My simple thinking is, the FCA account versus corporate current or individual bank account is therefore, in order. No matter the terminology used for specifics, end of day separation of a foreign currency account holding and tracking both inflows and use of other multiple currencies other than the Bond Note is okay.
It removes a loophole that was there and very possible some clandestine banks or bank employees were using that opening to fund black market activities.
How? Here is an example. At some point I received USDs from a sender abroad. Unable to however, redeem my foreign currency receipt from my bank, duly working with a receipting money transfer agent, on my own volition, and out of being told the USD is lacking I accepted a Bond note equivalent amount at 1:1.
Let us assume I am not the only one. The bank will eventually receive the forex either at international clearing house or from the money transfer agent.
Such foreign currency surpluses, including free foreign currency deposits where there is no demarcation of electronic funds or RTGS deposit from the USD deposit, as was happening, can end up getting directed clandestinely to the black market.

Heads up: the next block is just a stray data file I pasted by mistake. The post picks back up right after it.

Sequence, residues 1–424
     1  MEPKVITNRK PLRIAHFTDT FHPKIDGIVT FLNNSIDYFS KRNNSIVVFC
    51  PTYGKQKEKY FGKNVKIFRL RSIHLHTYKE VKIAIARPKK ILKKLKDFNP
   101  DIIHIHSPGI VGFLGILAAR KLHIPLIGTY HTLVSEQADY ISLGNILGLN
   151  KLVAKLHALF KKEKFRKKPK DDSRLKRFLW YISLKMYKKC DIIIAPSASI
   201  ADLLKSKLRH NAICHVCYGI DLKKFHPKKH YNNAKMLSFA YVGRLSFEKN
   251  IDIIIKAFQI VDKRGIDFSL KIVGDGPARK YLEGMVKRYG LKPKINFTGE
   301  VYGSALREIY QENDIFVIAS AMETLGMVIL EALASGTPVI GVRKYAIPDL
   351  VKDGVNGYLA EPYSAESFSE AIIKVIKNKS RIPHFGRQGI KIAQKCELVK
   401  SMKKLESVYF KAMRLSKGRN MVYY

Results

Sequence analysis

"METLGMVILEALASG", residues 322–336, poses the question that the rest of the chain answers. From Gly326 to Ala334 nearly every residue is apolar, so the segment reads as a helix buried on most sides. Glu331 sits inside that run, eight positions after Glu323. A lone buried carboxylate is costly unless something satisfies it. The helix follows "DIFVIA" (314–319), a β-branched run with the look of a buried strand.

Therefore, post policy pronouncement, any foreign currency deposits made prior, should be traceable backusing documentary evidencee.g deposit slip.
Saving households too keep deposit slip copies and can help enforce.
Say commercial banks were napping in this malpractice for whatever reason be it survival, not good corporate governance, recommendable is to follow the saver/depositor`s money at the black market where it went unofficially to ensure either the correct reserve ratios or minimum physical cash is in volts in line with the requirement to pay bearer on demand.
This no more promotes black market from banks side, leavesg major non-bank corporates with surplus funds as next to deal with.
Accessing more money